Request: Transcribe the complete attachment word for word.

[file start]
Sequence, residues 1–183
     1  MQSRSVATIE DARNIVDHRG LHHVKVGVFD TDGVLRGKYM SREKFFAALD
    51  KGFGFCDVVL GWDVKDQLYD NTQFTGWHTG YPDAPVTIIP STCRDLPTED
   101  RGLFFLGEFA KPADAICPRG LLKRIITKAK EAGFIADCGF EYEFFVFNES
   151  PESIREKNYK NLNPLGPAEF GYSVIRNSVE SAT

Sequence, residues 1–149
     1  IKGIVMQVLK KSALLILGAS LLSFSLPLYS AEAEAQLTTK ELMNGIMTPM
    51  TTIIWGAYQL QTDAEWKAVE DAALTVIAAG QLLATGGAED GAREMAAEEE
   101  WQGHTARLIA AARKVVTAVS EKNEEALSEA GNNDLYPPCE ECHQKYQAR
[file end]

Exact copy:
Sequence, residues 1–183
     1  MQSRSVATIE DARNIVDHRG LHHVKVGVFD TDGVLRGKYM SREKFFAALD
    51  KGFGFCDVVL GWDVKDQLYD NTQFTGWHTG YPDAPVTIIP STCRDLPTED
   101  RGLFFLGEFA KPADAICPRG LLKRIITKAK EAGFIADCGF EYEFFVFNES
   151  PESIREKNYK NLNPLGPAEF GYSVIRNSVE SAT

Sequence, residues 1–149
     1  IKGIVMQVLK KSALLILGAS LLSFSLPLYS AEAEAQLTTK ELMNGIMTPM
    51  TTIIWGAYQL QTDAEWKAVE DAALTVIAAG QLLATGGAED GAREMAAEEE
   101  WQGHTARLIA AARKVVTAVS EKNEEALSEA GNNDLYPPCE ECHQKYQAR